Statement |

MSF intervention on access to medicines at WHO 134th Executive Board meeting

134th WHO Executive Board meeting – Agenda item 9.7: Access to essential medicines

Médecins Sans Frontières welcomes calls for Member States and WHO to strengthen essential medicines mechanisms. However, MSF is concerned by the lack of attention in the Secretariat’s report on the impact intellectual property has on the affordability and accessibility of medicines, and how this affects the inclusion of new treatments in essential medicines lists.

The intersection between intellectual property, innovation and public health is recognized in a number of WHO resolutions and in the TRIPS Agreement. Yet it remains a challenge for WHO member states, especially developing countries, to use these flexibilities when drafting intellectual property policies that aim to promote access to affordable essential medicines.

Events in South Africa last week illustrate that multinational pharmaceutical companies will go to great lengths to protect profit margins, even when it comes at the expense of people’s lives, and involves the covert derailing of government policies aiming to balance intellectual property, public health and access to medicines. Such attacks on urgently needed reform are unacceptable in a country facing one of the world’s most acute HIV and TB epidemics, with medicine prices up to 35 times higher than countries with more robust generic competition.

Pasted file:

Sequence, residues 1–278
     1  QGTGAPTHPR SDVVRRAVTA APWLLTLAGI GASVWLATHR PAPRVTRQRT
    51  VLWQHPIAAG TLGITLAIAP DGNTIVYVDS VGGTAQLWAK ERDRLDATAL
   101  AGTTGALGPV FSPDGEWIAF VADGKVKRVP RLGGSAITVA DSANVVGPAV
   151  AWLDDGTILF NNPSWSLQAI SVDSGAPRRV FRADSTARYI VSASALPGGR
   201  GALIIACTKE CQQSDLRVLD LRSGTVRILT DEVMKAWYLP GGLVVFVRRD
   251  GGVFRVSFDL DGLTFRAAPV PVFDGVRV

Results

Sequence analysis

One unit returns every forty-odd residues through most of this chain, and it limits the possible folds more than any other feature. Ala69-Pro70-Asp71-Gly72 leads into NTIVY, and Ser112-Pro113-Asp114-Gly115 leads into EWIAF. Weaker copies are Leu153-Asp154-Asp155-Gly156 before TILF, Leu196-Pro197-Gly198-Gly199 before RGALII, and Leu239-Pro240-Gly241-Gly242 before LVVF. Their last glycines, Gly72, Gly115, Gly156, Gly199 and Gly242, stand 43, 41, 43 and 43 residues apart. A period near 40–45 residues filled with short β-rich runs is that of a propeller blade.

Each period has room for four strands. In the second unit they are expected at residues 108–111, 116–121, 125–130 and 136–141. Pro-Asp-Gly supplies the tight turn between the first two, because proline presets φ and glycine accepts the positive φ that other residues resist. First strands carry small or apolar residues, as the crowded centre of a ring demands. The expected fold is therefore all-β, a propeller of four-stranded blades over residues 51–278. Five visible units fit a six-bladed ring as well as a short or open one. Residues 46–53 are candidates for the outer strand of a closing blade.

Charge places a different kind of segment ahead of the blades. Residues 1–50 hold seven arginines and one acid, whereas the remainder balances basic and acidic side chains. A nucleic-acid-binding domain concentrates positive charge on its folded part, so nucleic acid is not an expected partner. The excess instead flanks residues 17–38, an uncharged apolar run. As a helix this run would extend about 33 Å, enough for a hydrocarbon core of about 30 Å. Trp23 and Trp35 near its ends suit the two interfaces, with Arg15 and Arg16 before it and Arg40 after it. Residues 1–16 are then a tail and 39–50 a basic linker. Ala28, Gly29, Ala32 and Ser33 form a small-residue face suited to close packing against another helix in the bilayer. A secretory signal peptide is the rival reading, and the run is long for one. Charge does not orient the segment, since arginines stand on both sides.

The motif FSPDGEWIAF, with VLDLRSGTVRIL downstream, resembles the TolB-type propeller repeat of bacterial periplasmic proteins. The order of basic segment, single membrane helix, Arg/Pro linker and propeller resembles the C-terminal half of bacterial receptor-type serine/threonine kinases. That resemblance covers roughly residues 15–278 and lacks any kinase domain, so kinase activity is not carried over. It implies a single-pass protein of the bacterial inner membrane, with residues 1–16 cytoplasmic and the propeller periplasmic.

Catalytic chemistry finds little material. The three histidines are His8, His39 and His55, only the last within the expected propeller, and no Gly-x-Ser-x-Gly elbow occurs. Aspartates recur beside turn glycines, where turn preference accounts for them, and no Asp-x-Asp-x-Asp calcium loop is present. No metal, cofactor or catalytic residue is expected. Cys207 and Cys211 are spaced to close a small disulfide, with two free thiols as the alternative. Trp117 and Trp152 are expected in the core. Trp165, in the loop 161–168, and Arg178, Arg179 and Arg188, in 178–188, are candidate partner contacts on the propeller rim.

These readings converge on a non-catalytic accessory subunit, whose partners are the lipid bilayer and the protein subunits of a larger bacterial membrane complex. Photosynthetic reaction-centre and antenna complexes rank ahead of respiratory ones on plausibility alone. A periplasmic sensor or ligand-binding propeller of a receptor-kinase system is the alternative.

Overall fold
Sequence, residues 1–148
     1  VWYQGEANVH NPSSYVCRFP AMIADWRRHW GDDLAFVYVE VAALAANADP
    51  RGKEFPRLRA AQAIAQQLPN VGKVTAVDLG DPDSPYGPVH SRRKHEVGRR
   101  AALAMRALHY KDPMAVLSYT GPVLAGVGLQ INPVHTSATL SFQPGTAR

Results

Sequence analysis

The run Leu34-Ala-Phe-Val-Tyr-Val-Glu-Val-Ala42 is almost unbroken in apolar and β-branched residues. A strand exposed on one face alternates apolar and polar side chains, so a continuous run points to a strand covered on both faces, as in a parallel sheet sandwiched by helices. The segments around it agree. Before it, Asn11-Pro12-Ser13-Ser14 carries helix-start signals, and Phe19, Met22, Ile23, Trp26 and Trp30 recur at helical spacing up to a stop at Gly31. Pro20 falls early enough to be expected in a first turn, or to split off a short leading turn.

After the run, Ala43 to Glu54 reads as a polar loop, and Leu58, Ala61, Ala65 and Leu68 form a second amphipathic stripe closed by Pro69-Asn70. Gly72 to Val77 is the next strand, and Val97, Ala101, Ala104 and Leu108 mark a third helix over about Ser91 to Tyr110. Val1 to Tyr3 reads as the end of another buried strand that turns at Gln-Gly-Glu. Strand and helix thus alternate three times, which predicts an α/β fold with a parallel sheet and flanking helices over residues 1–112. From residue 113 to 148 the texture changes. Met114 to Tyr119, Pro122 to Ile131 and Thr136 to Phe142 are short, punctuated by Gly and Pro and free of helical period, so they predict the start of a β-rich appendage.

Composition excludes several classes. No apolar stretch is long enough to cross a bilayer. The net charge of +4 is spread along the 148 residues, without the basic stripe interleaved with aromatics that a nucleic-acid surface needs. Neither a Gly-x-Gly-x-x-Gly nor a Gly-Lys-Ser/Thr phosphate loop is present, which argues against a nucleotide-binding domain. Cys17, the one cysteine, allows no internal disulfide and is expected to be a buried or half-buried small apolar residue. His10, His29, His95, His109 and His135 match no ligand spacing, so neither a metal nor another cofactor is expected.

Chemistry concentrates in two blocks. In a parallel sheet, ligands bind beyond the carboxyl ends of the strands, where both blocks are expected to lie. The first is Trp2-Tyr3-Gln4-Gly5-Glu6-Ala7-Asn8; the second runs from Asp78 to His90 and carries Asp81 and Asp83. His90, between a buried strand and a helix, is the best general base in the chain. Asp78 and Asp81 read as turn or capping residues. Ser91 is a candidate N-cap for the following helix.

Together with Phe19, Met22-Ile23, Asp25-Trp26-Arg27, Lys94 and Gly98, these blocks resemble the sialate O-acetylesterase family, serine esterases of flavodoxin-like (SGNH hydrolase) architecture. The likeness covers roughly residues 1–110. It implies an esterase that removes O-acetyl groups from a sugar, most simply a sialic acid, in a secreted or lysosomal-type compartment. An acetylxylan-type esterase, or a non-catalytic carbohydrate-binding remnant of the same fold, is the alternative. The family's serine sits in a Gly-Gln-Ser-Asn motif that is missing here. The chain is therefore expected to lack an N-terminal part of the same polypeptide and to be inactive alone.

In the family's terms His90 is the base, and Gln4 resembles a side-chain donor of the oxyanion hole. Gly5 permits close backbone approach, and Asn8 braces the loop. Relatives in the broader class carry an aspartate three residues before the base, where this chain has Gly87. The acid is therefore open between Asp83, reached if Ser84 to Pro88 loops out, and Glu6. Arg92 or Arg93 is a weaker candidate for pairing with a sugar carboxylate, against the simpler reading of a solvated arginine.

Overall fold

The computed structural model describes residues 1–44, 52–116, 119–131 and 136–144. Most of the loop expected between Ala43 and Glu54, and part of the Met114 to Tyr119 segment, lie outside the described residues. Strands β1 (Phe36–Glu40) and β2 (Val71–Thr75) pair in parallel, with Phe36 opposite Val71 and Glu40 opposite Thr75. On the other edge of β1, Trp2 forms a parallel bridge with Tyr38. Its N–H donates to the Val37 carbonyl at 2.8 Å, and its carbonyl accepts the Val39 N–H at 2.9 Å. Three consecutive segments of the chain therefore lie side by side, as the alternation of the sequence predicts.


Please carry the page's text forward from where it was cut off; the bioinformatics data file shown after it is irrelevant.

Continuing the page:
Also of grave concern are intellectual property clauses included in trade negotiations initiated by the United States and the European Union. The Trans-Pacific Partnership Agreement is especially worrying, and TRIPS-plus provisions, if accepted, would have a severe adverse impact on public health in developing countries.

The draft resolution on access to essential medicines is a timely and invaluable opportunity for Member States and the Secretariat to reaffirm the political commitment of promoting access to essential medicines through the use of TRIPS flexibilities. MSF urges WHO to play a greater role in the developing world to counter industry’s influence, and ensure countries preserve their ability to enact TRIPS flexibilities and access more affordable medicines.